The USA is the strongest country in the world and it has used force many times against the weaker countries giving all sorts of justifications for its actions. One of the applicable examples in this case would be the invasion of Grenada in 1983. It was “variously justified –as necessary to save lives of US nationals, as responding to an invitation by the governor-general; as urged be Grenada’s small neighbors; as required to restore to the people the right of self-determination and democracy.”[3] However, “ an alleged threat against American medical students studying there – was never verified; neither the CIA nor any of America’s other intelligence agencies had espionage agents on the island.”[4] Grenada was also attacked without informing Britain – the head of the Commonwealth. The US was actively intervening in Central America at the time, and made Grenada an “example”.[5]

The justification for bombing Libya was presented as following, “it held responsible of acts of terrorism, one of which had led to the death of a umber of U.S. servicemen.”[6] The more recent history includes the invasion of Afghanistan for the same reason. In the 21st century terrorism has become a convenient rationalization for using force overseas.

The other main “excuse” of the US for the forceful intervention of the countries is support or spread of democracy. Thus, the mining of Nicaraguan harbors and support of the rebels of the opposition were justified on the ground that Nicaragua was guilty of aggression against El Salvador…[where the pro-U.S. regime was].[7] This operation was taken by CIA and even the Congress condemned it by passing the Boland amendment, which “prohibited the CIA from arming Contras “for the purpose of overthrowing the government” of Nicaragua.[8]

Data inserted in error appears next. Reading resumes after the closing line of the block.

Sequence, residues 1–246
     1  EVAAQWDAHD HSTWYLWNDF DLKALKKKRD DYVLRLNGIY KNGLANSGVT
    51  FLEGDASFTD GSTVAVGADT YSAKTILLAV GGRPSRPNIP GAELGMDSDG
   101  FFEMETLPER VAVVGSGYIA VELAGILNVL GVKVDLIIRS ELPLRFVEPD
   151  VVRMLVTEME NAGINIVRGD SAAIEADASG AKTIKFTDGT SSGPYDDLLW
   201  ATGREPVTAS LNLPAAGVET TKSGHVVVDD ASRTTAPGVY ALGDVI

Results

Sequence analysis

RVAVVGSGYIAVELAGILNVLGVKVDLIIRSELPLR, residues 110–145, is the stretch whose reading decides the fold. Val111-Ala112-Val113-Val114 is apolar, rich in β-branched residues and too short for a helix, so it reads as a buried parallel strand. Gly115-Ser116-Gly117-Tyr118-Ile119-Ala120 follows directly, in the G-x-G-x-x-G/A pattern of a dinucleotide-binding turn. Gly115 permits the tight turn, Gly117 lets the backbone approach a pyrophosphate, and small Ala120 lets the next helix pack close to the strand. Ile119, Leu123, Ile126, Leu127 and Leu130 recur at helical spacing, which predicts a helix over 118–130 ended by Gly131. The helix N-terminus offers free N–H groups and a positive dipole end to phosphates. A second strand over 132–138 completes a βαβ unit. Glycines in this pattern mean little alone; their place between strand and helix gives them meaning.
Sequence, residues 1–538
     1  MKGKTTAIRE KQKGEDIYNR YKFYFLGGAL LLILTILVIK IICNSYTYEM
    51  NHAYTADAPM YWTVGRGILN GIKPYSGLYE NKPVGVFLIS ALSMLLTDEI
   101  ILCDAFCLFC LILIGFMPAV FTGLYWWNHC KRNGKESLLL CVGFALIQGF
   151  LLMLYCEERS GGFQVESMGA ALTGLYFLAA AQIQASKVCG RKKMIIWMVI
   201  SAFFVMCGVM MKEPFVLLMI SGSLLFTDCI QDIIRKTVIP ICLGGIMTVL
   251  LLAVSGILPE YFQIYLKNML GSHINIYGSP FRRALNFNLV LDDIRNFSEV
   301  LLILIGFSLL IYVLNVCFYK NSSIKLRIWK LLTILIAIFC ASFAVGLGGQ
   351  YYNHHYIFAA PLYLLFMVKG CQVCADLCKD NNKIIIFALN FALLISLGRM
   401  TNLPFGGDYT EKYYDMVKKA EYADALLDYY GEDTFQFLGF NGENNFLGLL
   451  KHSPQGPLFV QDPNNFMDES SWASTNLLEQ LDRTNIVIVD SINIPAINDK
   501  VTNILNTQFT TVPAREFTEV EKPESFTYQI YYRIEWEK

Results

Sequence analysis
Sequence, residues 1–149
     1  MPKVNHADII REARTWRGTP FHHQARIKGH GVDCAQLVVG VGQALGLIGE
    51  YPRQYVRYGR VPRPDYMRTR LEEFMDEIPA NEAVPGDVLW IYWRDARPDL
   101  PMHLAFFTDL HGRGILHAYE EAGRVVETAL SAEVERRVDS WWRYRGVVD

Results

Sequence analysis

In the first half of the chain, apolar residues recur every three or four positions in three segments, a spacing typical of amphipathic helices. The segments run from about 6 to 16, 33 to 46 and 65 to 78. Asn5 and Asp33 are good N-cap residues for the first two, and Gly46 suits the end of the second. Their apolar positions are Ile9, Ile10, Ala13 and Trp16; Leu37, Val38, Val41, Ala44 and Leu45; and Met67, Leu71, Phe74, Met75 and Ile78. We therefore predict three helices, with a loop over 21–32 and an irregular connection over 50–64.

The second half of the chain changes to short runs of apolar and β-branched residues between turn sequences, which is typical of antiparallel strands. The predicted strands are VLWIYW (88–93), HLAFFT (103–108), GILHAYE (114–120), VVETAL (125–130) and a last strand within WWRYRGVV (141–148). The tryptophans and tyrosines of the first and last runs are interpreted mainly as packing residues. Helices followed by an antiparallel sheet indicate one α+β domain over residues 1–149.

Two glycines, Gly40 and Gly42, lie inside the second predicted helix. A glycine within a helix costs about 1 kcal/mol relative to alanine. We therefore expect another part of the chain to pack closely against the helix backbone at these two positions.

So, the question for analysis poses itself. How is it possible to protect and spread democracy, fight terrorism all over the world, pursue national interest and at the same time obey international law? Two citations of two important figures of the American history provide a clear answer.


[1] Speak, p. 752.

[2] The Charter of the UN can be obtained from

[3] Henkin, p.54.

[4] Johnson, p. 303.

[5] This comment was made by Michael McHugh, the professor teaching American Foreign Policy, Fall 2003.

[6] Henkin, p. 54.

[7] Henkin, p.54.

[8] Jeffreys-Jones, p. 236.

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American Foreign Policy in the Third World Countries
The Force of Law vs. the Law of Force
American University of Central Asia
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American, Foreign, Policy, Third, World, Countries, Force
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Irina Wolf (Author), 2005, American Foreign Policy in the Third World Countries, Munich, GRIN Verlag,